United States District Court, District of Columbia
DAVID S. BRAUN, Plaintiff,
UNITED STATES POSTAL SERVICE and OFFICE OF MANAGEMENT AND BUDGET, Defendants.
David Steven Braun, alleges that defendant United States
Postal Service ("USPS") somehow "allowed"
his legal name to be changed in an unspecified "national
database." He claims that this mistake has led to
court-ordered electronic surveillance of his residence, made
it impossible for him to obtain employment, left him without
healthcare insurance, caused him to be labeled a "mental
subject" by the Federal Bureau of Investigation
("FBI"), and had a myriad of other collateral
before the Court are four motions. First, Mr. Braun moves for
mandamus relief directing OMB to process tort claims
submitted to the Social Security Administration in 2014.
Second, the Office of Management and Budget ("OMB")
moves to dismiss the entire complaint for lack of
jurisdiction and for failure to state a claim. Third, USPS
moves to dismiss Mr. Braun's allegations to the extent
that they do not relate to his requests under the Privacy Act
of 1974 ("Privacy Act"), 5 U.S.C. § 552a. And
fourth, Mr. Braun requests that the Court take
"corrective action" and change the name that
appears on a Post Office ("P.O.") box owned by
plaintiff. For the reasons set forth below, the Court grants
defendants' motions and denies Mr. Braun's motions.
Braun, appearing pro se, brings this action under
the Privacy Act. See Compl., ECF No. 1 at
Mr. Braun alleges that he has made at least three requests
for records from USPS under the Privacy Act, and that USPS
has failed to release all the information in its possession
relating to those requests. See Id. ¶¶
4-8, ECF No. 1 at 3.
addition to alleging violations of the Privacy Act, Mr.
Braun's 12-page complaint strings together a litany of
accusations that do not appear to relate to any particular
cause of action. See Id. ¶¶ 1-30, ECF No.
1 at 4-12. These allegations are lodged primarily at USPS.
Mr. Braun claims that a post office in Montana has
"allowed fictitious tenants" to be listed as living
at Mr. Braun's physical address. Id. ¶ 15,
ECF No. 1 at 8. The alleged addition of these names to his
records has purportedly, inter alia, permitted
federal judges to "write an electronic surveillance
order, " created errors in his medical records, caused
the Social Security Administration to deny his disability
claim, made it impossible for him to obtain employment, and
has caused "major problem's [sic] with [his] phone
and email services." See, e.g., id.
¶¶ 5-9, 14-21, ECF No. 1 at 5-9.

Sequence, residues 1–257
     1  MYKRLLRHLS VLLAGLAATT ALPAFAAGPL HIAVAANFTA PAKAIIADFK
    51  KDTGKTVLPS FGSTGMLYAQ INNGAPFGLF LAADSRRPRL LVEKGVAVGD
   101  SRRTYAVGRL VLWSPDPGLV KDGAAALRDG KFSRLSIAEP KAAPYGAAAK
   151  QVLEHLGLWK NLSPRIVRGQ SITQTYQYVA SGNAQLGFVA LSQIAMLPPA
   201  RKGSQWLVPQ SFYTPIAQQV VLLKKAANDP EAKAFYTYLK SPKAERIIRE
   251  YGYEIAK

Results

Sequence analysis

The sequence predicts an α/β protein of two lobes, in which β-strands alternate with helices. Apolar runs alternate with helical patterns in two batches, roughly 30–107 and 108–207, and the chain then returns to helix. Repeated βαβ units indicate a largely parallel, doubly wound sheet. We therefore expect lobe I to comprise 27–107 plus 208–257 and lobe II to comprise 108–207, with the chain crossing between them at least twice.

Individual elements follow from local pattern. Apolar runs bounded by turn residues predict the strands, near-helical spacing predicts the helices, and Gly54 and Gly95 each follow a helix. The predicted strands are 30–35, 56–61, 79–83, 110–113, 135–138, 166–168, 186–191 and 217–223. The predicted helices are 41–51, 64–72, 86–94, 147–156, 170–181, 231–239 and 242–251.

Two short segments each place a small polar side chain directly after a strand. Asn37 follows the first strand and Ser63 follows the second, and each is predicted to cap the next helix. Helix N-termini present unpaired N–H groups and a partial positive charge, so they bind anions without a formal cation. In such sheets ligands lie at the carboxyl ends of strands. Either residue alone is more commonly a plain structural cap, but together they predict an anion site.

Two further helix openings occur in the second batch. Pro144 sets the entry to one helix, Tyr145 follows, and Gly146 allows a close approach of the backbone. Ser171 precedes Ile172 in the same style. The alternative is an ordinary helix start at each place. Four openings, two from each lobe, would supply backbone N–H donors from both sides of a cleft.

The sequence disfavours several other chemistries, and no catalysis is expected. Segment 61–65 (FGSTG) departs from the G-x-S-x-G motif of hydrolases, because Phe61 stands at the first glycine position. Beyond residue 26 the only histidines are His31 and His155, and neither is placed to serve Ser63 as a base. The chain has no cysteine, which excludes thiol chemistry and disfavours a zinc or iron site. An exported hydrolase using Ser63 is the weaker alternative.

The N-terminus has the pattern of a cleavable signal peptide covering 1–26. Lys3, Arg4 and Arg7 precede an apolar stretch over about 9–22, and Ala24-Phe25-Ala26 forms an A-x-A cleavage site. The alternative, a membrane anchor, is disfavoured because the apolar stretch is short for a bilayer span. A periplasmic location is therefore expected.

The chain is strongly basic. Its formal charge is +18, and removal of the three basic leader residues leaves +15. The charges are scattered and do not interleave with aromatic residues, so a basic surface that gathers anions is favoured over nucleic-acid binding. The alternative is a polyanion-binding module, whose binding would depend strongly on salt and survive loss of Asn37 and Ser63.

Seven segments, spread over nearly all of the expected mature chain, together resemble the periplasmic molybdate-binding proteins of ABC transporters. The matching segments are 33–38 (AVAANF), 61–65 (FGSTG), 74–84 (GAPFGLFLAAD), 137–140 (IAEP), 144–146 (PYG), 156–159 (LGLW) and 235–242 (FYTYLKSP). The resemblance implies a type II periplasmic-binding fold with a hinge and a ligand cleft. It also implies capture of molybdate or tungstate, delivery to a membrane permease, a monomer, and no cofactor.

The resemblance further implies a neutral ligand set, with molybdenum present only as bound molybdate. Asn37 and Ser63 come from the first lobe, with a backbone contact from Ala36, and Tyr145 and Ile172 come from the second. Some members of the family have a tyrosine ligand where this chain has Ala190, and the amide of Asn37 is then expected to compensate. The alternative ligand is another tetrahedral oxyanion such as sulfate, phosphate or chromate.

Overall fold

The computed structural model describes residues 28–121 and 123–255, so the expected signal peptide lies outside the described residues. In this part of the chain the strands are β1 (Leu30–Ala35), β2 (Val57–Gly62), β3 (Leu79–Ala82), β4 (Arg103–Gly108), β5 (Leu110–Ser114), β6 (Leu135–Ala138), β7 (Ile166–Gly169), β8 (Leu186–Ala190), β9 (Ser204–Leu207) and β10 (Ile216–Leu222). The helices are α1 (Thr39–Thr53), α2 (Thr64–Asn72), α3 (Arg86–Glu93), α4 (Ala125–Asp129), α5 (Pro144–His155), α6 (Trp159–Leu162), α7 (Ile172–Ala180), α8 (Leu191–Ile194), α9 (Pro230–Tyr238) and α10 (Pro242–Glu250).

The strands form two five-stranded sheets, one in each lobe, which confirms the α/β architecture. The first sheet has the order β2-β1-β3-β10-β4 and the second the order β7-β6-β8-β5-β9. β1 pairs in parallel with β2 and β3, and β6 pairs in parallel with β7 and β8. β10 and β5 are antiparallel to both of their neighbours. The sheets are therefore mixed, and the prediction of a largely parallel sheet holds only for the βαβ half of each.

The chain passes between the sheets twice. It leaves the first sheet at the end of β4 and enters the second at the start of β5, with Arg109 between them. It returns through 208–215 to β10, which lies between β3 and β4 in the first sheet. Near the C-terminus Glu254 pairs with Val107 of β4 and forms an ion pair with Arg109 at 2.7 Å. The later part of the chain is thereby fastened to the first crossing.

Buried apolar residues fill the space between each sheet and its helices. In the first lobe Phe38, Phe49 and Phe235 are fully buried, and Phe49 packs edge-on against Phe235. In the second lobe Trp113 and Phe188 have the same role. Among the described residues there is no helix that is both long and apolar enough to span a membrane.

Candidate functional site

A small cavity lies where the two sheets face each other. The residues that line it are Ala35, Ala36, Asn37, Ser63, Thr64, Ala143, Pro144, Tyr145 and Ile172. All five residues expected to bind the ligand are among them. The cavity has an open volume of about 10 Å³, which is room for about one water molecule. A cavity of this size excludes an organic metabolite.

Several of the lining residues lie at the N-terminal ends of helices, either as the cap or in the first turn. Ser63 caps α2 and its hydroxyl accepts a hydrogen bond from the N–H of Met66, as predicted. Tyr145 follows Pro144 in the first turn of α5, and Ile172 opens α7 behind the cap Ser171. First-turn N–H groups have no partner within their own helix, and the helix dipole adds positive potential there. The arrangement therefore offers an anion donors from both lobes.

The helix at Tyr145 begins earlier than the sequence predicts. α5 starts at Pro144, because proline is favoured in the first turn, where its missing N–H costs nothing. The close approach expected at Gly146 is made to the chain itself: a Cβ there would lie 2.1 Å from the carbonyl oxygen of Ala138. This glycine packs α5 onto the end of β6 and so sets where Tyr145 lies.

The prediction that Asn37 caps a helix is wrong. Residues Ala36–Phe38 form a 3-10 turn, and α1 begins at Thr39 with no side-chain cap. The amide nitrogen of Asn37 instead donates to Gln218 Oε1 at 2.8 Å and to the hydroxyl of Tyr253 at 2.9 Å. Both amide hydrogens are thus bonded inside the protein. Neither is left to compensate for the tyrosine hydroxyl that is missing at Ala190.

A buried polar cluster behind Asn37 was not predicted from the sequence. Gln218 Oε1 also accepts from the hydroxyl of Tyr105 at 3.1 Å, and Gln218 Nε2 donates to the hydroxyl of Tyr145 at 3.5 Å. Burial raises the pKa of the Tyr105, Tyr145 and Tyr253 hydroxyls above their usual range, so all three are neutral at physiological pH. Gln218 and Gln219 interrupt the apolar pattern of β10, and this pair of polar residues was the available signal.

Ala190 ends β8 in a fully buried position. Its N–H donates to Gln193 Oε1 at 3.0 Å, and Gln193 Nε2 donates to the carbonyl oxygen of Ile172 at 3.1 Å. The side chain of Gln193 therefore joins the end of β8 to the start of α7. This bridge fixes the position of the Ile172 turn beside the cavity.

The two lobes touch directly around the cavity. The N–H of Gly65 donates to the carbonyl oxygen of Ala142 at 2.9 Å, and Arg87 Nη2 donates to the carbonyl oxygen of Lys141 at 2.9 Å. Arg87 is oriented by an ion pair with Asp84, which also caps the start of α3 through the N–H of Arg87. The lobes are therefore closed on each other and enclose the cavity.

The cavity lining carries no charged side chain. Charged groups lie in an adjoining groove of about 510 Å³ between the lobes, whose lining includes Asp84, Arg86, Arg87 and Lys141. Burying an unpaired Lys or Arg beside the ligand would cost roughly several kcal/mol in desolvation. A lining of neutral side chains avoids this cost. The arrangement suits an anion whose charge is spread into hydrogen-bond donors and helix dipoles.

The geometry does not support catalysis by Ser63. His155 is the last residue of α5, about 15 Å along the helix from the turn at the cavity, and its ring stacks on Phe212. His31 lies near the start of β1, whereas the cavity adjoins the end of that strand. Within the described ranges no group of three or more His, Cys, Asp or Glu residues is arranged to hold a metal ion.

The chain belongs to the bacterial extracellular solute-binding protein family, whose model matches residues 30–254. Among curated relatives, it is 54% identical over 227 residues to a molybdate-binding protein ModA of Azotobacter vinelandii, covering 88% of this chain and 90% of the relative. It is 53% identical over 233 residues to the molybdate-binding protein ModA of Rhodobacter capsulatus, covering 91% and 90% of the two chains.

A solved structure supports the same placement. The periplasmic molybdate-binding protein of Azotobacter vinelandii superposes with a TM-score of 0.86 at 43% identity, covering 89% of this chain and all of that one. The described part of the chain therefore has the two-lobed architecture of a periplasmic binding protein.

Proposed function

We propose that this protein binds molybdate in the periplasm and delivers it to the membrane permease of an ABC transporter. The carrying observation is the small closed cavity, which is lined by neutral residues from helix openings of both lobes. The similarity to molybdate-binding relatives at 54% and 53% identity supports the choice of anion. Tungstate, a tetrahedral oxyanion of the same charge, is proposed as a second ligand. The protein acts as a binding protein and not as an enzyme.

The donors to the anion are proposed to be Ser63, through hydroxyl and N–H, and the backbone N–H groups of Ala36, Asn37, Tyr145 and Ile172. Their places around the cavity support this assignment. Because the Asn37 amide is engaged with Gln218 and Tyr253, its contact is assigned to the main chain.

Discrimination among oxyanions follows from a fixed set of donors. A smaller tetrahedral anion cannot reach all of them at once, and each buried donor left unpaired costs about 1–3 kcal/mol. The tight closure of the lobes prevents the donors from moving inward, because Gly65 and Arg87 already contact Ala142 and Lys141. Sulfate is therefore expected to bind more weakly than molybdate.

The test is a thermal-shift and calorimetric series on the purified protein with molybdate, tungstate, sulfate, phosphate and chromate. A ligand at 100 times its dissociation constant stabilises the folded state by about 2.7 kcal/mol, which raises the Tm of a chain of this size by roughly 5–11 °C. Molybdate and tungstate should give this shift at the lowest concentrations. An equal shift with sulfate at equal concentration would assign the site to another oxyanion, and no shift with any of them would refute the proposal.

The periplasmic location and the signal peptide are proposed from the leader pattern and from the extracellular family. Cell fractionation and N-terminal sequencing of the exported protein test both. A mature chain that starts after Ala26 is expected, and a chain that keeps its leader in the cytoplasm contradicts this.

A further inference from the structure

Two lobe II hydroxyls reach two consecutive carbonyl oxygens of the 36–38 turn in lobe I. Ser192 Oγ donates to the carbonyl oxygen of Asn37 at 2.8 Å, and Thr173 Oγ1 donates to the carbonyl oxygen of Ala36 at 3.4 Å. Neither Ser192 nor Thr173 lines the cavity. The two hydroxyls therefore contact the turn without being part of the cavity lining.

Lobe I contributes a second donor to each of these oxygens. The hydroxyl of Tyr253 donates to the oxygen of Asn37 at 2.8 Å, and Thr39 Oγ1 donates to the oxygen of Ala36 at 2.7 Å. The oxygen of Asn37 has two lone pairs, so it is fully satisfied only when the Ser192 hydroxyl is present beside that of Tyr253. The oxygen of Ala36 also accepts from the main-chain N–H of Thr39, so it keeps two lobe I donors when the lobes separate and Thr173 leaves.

Braun also attaches over 100 pages of exhibits to his
complaint. See ECF No. 1 at 14-139. Some of these
exhibits contain correspondence between Mr. Braun and the
USPS Office of the Inspector General or Inspection Service.
See, e.g., id. at 13-18. Other exhibits
tangentially relate to the various allegations in Mr.
Braun's complaint concerning the Montana post office and
his belief that the fictitious names added to his records are
responsible for some of the problems he has experienced.
See, e.g., ECF No. 1 at 59 (letter from County
Attorney's Office informing Mr. Braun that he had been
charged with disorderly conduct for his behavior at the post
office); id. at 62-66 (current copy of Mr.
Braun's resume); id. at 83 (results from an FBI
search of Mr. Braun's fingerprints); id. at
86-97 (results of a background report for "David Steven
Braun" from the PeopleSmart website); id. at
113-125 (FBI complaint form documenting Mr. Braun's visit
to the Bozeman FBI office).
relief sought by Mr. Braun is not wholly clear. Under a
section titled "Requested Goal off this suite, "
Mr. Braun requests "that all records denied in this and
previous request's be reviewed and processed for
criminal/negligent behavior." See Id. at 12. He
further states that "[t]heir seams to be this database,
record issues, that might also need a court order from a
Federal Judge." Id. Finally, he requests
"5, 000, 000 dollars a year for life, to compensate
[him] for the negligence and malicious behavior and damaged
caused buy the issues brought to light in this suite."
Braun filed his complaint on October 17, 2016. On January 10,
2017, Mr. Braun filed a motion requesting mandamus relief
directing the OMB to process the claims he submitted to the
Social Security Administration. See Pl.'s Mot.
to Compel, ECF No. 11. Attached to Mr. Braun's motion are
two claims submitted on Standard Form 95, "Claim for
Damage, Injury, or Death." See ECF No. 11-3 at
8-11. These claims seek compensation for alleged delays in
paying Mr. Braun the lump sum, back-due benefits due to him
after his disability benefits were approved by the Social
Security Administration. Id. at 5-6. OMB filed its
opposition to that motion on January 30, 2017. See
OMB's Opp. to Pl.'s Mot. to Compel, ECF No. 20. Mr.
Braun filed his reply one day later on January 31, 2017.